What is the role of the observational dataset in the evaluation and scoring of climate models?
Gómez-Navarro J. J., Montávez J. P., Jerez S., Jiménez-Guerrero P., Zorita E.
Geophysical Research Letters, vol. 39, L24701, doi:10.1029/2012GL054206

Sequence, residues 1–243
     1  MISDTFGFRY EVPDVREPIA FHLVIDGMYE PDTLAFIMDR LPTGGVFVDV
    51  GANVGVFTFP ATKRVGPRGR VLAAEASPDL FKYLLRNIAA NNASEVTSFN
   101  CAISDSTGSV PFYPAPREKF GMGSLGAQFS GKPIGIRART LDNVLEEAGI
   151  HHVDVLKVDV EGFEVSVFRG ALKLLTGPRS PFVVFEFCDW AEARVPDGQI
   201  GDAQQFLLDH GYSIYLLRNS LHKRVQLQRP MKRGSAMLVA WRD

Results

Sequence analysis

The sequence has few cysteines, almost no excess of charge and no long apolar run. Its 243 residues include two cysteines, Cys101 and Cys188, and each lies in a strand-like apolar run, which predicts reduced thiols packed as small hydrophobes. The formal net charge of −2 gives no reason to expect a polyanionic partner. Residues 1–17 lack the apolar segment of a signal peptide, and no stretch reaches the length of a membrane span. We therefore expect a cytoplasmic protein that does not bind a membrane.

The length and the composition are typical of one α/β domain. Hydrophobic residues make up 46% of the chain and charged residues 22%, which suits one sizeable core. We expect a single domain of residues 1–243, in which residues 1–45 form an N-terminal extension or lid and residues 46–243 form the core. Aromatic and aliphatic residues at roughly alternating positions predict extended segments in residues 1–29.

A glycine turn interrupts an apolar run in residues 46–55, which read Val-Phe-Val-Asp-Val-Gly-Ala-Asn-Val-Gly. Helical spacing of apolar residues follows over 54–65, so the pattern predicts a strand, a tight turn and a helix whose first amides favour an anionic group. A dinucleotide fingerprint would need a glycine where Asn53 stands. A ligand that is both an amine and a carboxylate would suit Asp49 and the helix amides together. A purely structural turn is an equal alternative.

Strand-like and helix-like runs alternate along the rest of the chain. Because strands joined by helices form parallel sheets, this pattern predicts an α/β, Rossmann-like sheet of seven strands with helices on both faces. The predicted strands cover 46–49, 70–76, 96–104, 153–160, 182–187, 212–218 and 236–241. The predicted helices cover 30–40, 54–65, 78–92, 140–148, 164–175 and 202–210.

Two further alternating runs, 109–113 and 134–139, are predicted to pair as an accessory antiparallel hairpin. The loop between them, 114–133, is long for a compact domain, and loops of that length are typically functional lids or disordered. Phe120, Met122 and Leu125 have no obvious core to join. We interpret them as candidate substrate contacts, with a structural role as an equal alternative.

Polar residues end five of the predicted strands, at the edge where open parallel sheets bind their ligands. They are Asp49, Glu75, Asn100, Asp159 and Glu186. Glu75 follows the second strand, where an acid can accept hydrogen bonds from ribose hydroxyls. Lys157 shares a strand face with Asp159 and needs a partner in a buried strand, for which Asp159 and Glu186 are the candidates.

Climate models are usually assessed through their capacity to reproduce present climate conditions, which in turn are established by comparing the output of climate simulations with observational data sets including gridded products. However, due to the nature of the procedures to obtain observations and the statistical techniques employed to extrapolate this information onto reference gridded databases, they contain important uncertainties which may compromise the evaluation process. This paper examines to what extent the evaluation and ranking of an ensemble of regional climate models, according to their ability to reproduce the observed climatologies, is sensitive to the choice of the reference observational data set. Results show that even in areas covered by dense monitoring networks such as Spain, uncertainties in the observations are comparable to the uncertainties within state-of-the-art Regional Climate Models, at least when they are driven by nominally perfect boundary conditions like reanalysis. These findings point out that model evaluation should take into account the observational uncertainties. In particular, weighting models accordingto how well they perform with respect to a unique observation dataset, without acknowledging uncertainties in the observational dataset, might reduce the quality of the weighted ensemble average.